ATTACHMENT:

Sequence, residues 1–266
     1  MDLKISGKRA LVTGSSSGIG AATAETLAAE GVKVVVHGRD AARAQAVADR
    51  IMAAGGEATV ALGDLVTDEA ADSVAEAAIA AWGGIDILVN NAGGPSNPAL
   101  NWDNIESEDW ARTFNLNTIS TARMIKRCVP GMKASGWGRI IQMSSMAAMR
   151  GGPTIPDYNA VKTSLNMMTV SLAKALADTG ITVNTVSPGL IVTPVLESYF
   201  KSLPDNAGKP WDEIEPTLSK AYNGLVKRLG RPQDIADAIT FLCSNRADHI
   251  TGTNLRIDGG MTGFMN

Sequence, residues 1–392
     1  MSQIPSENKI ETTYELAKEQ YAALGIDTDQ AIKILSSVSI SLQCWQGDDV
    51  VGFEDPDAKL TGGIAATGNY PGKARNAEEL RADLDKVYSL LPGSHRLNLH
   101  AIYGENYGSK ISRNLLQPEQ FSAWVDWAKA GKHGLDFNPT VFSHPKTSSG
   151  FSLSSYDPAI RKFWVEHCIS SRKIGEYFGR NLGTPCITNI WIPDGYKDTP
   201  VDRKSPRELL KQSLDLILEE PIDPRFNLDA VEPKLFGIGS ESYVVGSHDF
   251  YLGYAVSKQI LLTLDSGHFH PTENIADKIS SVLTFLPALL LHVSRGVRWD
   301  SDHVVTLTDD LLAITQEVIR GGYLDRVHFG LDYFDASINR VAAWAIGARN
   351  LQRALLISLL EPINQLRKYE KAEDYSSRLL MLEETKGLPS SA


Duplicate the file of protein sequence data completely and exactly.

Sequence, residues 1–266
     1  MDLKISGKRA LVTGSSSGIG AATAETLAAE GVKVVVHGRD AARAQAVADR
    51  IMAAGGEATV ALGDLVTDEA ADSVAEAAIA AWGGIDILVN NAGGPSNPAL
   101  NWDNIESEDW ARTFNLNTIS TARMIKRCVP GMKASGWGRI IQMSSMAAMR
   151  GGPTIPDYNA VKTSLNMMTV SLAKALADTG ITVNTVSPGL IVTPVLESYF
   201  KSLPDNAGKP WDEIEPTLSK AYNGLVKRLG RPQDIADAIT FLCSNRADHI
   251  TGTNLRIDGG MTGFMN

Sequence, residues 1–392
     1  MSQIPSENKI ETTYELAKEQ YAALGIDTDQ AIKILSSVSI SLQCWQGDDV
    51  VGFEDPDAKL TGGIAATGNY PGKARNAEEL RADLDKVYSL LPGSHRLNLH
   101  AIYGENYGSK ISRNLLQPEQ FSAWVDWAKA GKHGLDFNPT VFSHPKTSSG
   151  FSLSSYDPAI RKFWVEHCIS SRKIGEYFGR NLGTPCITNI WIPDGYKDTP
   201  VDRKSPRELL KQSLDLILEE PIDPRFNLDA VEPKLFGIGS ESYVVGSHDF
   251  YLGYAVSKQI LLTLDSGHFH PTENIADKIS SVLTFLPALL LHVSRGVRWD
   301  SDHVVTLTDD LLAITQEVIR GGYLDRVHFG LDYFDASINR VAAWAIGARN
   351  LQRALLISLL EPINQLRKYE KAEDYSSRLL MLEETKGLPS SA